Monday, July 27, 2009

Ramblings on the Airline Industry - Part I

I’ve been lucky in that I haven’t set foot on an airplane for business in over a year. For the 8 months prior, I lived and breathed United Airlines flights between Chicago, Denver and Salt Lake City. I have fancied myself a bit of a miles and airline expert since I started the weekly Monday – Thursday journey across time zones. Although I haven’t traveled nearly as much in 2009, I have tried to stay on top of the latest events in the industry. A few quick observations that confuse/amuse me:

- Miles - Earn Them But Don’t Use Them: I’m not sure why miles are so plentiful these days but it seems like most major carriers are offering discounts on purchasing miles, more tie-ins with partners such as hotel chains, restaurants, or pretty much under the sun. Despite an abundance of miles, cheap fares and empty planes, airlines are even stingier than usual to let us redeem these hard earned miles for flights (,0,2459626.story). I guess I’ll just have to keep earning those miles and save them for a rainy day.
- To Fee or Not to Fee: Having status on United allows me to escape most of the headaches felt by the infrequent flying community. The only fee I have bemoaned is the close in ticketing fee of $75-$100 airlines have levied for purchasing tickets with miles within 21 days. United dropped this fee this week, though I don’t know for how long. I wish I knew the logic for dropping some fees but keeping others (e.g. bag fees, etc). I assume baggage fees are tied into weight which ties into the price of oil, which is tied into the less than adequate job airlines did with fuel hedging in the last 2-3 years.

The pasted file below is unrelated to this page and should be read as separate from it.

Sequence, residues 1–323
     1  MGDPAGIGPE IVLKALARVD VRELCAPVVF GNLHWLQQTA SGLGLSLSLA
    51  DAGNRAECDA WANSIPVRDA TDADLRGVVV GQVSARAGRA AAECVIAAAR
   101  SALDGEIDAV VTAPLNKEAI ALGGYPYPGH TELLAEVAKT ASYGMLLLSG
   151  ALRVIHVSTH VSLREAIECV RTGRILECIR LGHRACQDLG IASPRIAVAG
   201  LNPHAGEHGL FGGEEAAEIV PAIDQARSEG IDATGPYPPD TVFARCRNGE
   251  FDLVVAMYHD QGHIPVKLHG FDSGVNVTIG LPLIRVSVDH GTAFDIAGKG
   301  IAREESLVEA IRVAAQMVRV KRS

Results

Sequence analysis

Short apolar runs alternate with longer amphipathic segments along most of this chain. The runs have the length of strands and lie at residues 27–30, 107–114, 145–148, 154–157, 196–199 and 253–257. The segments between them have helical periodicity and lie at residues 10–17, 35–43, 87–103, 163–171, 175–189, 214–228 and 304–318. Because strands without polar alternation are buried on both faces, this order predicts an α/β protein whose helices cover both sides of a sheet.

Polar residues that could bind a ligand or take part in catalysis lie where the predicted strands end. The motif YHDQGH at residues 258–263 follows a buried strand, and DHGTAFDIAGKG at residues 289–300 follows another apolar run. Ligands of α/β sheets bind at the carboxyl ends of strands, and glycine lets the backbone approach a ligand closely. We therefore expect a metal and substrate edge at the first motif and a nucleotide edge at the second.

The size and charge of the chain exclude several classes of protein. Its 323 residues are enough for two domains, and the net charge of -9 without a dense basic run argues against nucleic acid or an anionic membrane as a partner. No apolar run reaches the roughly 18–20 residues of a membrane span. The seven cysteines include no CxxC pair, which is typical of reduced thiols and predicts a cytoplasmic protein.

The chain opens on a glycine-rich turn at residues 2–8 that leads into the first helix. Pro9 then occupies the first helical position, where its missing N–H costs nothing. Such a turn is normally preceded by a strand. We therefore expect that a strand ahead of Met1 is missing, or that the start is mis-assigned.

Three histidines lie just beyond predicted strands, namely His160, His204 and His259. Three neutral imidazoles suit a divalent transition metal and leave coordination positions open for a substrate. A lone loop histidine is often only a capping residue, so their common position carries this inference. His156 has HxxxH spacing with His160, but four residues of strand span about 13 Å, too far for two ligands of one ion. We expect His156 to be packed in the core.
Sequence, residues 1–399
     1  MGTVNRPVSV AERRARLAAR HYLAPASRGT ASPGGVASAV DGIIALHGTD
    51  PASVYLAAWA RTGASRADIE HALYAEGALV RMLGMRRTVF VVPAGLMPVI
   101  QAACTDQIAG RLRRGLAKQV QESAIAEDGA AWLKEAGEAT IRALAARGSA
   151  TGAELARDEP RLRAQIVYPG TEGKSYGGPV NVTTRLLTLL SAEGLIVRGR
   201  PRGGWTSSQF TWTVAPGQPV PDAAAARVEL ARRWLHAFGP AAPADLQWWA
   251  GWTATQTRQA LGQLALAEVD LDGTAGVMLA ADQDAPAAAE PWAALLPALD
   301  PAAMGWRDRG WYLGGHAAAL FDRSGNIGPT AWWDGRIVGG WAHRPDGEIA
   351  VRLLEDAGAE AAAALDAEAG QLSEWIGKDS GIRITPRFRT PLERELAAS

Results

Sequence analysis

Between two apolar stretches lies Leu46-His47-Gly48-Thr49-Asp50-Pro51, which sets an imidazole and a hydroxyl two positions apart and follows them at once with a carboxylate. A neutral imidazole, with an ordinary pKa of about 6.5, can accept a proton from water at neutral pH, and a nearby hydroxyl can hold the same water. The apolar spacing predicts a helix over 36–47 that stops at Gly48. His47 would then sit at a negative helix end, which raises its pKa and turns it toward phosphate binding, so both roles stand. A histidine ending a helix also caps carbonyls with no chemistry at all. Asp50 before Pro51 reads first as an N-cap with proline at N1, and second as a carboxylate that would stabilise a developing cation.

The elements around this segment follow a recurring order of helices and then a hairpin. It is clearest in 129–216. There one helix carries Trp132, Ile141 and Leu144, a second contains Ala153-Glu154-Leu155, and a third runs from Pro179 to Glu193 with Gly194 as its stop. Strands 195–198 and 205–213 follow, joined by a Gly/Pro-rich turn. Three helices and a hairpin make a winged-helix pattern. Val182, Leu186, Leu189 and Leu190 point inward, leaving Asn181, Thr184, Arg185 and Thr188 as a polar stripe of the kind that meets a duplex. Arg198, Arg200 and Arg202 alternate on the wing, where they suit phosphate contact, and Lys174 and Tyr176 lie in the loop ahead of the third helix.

- Consistently Inconsistent: My biggest complaint about the flying experience is the lack of consistency between employees. How can one flight attendant be accommodating, funny and helpful, and the next one quiet or surly? Why is the rule of thumb for calling customer service ‘If you don’t like the answer you receive from one agent, hang up and call again until you get the answer you want to hear?’ Some would argue that the low cost carriers are in the market to commoditize the industry. If this is the case, shouldn’t you expect some sort of consistency when you fly?

These observations and many more are argued on blogs and message boards by airline pundits who know more than I do. Arguing about these issues is a bit of a hobby, and if there was a clear explanation for each of these points, I admit I would need to find another way to waste time. But as someone who pushes for transparency wherever possible, I can’t help but get frustrated when logic is defied…and there are no straightforward answers.

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